Even though real estate itself remains a taboo phrase in the investment community, real estate investment trusts continue to do quite nicely, thank you.
Of course REITs aren't quite the same as going out and buying a property yourself and hoping the value grows. Instead, they use pooled investor money to manage income-generating property and mortgages.
And returns have continued to come along well, despite the problems in the overall real estate industry. REITs benefitted greatly during the real estate boom of recent years, as well as the Federal Reserve's aggressive interest rate-cutting over the past six months.
The Morgan Stanley REIT Index, while down 4.17 percent so far this year, has still outperfomrmed many of the major stock indices. In the past three years, the REIT index has a return of 8.9 percent, compared to 3.4 percent for the Standard & Poor's 500 index and 4.44 percent for the Dow Jones Industrial Average.
"REITs are a wonderful asset class to have in a portfolio because their long-term returns are the highest of the major asset classes if you go back to their origination in 1962," says John Merrill, chief investment officer at Tanglewood Capital Management in Houston. "Yet they have a more modest risk. From a risk-return standpoint they've just been an outstanding asset class."
Part of what makes REITs so attractive is indeed, as Merrill notes, the low level of risk they offer because of their diversified makeup in what has become a volatile real estate market. Another reason, though, is that while residential real estate prices have slumped on a national level, the commercial side continues to thrive.
In particular, REIT's weighted with apartment building holdings are doing especially well as more and more people opt to rent than buy while real estate prices fall.
"Given that people still can't afford to buy and the real estate market is basically on hold, people are going to rent and wait it out," says Michael Cohn, of Atlantis Asset Management. "That bodes very well for the apartment REITs."
Not everyone, hoever, is sold on REITs. Chris Mayer, managing editor at Capital & Crisis, warns of yields that are gravitating towards those paid by lower-risk Treasury notes and believes companies like Brookfield Asset Management are better in this climate because they are guaranteed a return in fees for the assets they manage.
Many analysts remain bullish about REITs, despite signs of a softening commercial real estate market
Apartments, Offices in Vogue
Cohn recommends Apartment Investment Management and Colonial Properties, two apartment building-oriented REITs that could be undervalued. Colonial has bounced off its 12-month low hit in early January and gained 21 percent since then.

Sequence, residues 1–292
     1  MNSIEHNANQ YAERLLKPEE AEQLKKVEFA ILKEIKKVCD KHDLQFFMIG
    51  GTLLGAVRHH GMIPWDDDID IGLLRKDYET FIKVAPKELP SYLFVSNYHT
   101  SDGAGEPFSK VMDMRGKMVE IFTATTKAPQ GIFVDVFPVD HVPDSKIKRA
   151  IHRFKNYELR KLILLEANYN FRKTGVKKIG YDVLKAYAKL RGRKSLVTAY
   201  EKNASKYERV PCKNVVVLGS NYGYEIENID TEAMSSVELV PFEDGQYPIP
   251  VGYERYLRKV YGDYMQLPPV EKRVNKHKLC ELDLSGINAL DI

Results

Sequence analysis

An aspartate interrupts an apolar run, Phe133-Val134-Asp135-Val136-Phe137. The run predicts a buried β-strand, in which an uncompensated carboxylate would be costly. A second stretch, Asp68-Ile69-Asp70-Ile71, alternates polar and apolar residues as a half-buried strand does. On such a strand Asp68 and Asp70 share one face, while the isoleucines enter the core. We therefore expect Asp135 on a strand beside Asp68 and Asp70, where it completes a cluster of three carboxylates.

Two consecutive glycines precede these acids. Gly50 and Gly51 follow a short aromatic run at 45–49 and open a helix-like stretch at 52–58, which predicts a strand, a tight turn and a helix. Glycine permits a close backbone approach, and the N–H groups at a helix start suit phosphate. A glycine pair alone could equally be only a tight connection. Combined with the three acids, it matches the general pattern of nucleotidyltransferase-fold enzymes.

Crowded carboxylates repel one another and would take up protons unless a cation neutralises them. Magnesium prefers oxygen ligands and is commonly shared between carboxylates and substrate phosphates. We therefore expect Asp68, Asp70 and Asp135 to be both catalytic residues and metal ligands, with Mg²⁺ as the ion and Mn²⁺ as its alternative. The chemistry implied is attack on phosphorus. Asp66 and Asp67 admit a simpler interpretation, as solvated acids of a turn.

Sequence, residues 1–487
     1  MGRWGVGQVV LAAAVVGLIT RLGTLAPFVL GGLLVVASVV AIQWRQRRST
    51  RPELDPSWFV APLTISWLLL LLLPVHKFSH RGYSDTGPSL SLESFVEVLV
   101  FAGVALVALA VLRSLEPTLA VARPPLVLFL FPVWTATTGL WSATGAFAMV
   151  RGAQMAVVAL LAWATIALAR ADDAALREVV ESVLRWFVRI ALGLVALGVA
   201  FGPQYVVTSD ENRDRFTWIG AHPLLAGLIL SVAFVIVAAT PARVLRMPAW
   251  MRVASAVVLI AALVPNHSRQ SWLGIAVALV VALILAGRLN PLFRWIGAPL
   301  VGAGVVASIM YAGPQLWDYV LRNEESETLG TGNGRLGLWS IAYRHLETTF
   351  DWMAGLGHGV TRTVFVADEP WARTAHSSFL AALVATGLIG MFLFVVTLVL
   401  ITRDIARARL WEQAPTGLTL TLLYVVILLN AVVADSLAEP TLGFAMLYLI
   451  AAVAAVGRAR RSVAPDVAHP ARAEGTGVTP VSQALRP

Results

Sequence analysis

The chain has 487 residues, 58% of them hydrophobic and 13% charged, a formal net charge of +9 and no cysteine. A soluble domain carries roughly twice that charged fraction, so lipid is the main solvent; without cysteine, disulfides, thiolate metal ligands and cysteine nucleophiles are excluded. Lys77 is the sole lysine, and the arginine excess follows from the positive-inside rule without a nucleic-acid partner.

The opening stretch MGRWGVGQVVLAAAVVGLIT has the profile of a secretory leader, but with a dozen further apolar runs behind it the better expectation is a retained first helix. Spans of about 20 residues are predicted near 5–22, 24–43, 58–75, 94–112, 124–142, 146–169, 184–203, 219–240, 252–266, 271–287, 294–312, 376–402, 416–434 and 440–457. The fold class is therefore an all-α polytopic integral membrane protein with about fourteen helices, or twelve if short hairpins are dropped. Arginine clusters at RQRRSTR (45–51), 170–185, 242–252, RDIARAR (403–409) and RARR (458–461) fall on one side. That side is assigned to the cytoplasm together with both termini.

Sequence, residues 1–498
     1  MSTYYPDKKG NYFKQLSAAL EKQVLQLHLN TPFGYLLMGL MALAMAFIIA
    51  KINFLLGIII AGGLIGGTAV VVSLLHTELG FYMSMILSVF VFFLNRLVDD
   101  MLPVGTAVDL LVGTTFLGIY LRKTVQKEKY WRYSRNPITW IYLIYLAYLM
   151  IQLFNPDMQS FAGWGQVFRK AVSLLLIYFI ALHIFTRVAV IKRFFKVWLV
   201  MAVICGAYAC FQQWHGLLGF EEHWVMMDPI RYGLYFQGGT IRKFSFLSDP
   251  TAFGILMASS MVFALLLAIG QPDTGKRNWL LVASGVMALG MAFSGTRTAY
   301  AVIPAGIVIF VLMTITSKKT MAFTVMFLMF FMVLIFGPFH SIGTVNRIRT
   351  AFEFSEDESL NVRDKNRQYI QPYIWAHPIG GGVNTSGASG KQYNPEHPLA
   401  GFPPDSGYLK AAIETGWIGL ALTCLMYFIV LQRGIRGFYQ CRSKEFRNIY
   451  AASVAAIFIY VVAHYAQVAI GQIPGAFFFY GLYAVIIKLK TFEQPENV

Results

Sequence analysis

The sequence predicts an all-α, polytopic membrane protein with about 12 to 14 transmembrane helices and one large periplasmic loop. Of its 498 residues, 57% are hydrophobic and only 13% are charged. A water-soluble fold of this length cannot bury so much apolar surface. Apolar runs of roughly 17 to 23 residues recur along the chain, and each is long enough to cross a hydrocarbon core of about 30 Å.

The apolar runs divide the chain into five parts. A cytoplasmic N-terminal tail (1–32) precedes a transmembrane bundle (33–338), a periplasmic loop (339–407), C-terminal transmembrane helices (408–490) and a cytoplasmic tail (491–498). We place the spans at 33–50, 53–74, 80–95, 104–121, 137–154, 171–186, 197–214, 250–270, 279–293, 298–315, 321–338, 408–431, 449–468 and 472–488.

"What you have to do is to be selective in the market," he says. "I would stay away from things like the mall REITs and the ones that are dependent on consumer spending."
Mike Watts, senior vice president at JF McKinney, is looking at office REITs now, and advocates a geographically diverse strategy. "My thoughts are that REITs are a good investment vehicle, but they're not passive vehicles," says Watts.
Most analysts favor long-term investments rather than shuffling money in an out as the market vacillates. Like the broader stock market, REIT analysts also endorse larger-cap funds with stability.
That means companies like ProLogis, AMB Property and Boston Properties outside the residential space, and apartment REITs like BRE Properties and Avalon Bay, according to Anatole Pevnen, editor of REITcafe.com.
Pevnen's site compiles a volatility index that shows REITs have had a higher volatility level than stocks over recent weeks, which translates to risks for buyers looking only at the short term.
"When you look at REITs the timing is very important. If your investment horizon is the next three to six months it's questionable as to whether now is a good time," Pevnen said. "If your investment horizon is five to ten years there's usually not a bad time. You have to look at where you are in that time span."
Mayer's strategy is to play it safer with the asset managers, and he lists Jones Lang LaSalle and Brookfield Asset Management as his favorites.
He also dislikes REITs because of the high dividends they must pay to investors -- 90 percent of taxable profits.
"They have to continue to go back to the market and raise capital because they have to pay out most of their dividends," Mayer said. "It's not a good time to have to raise capital."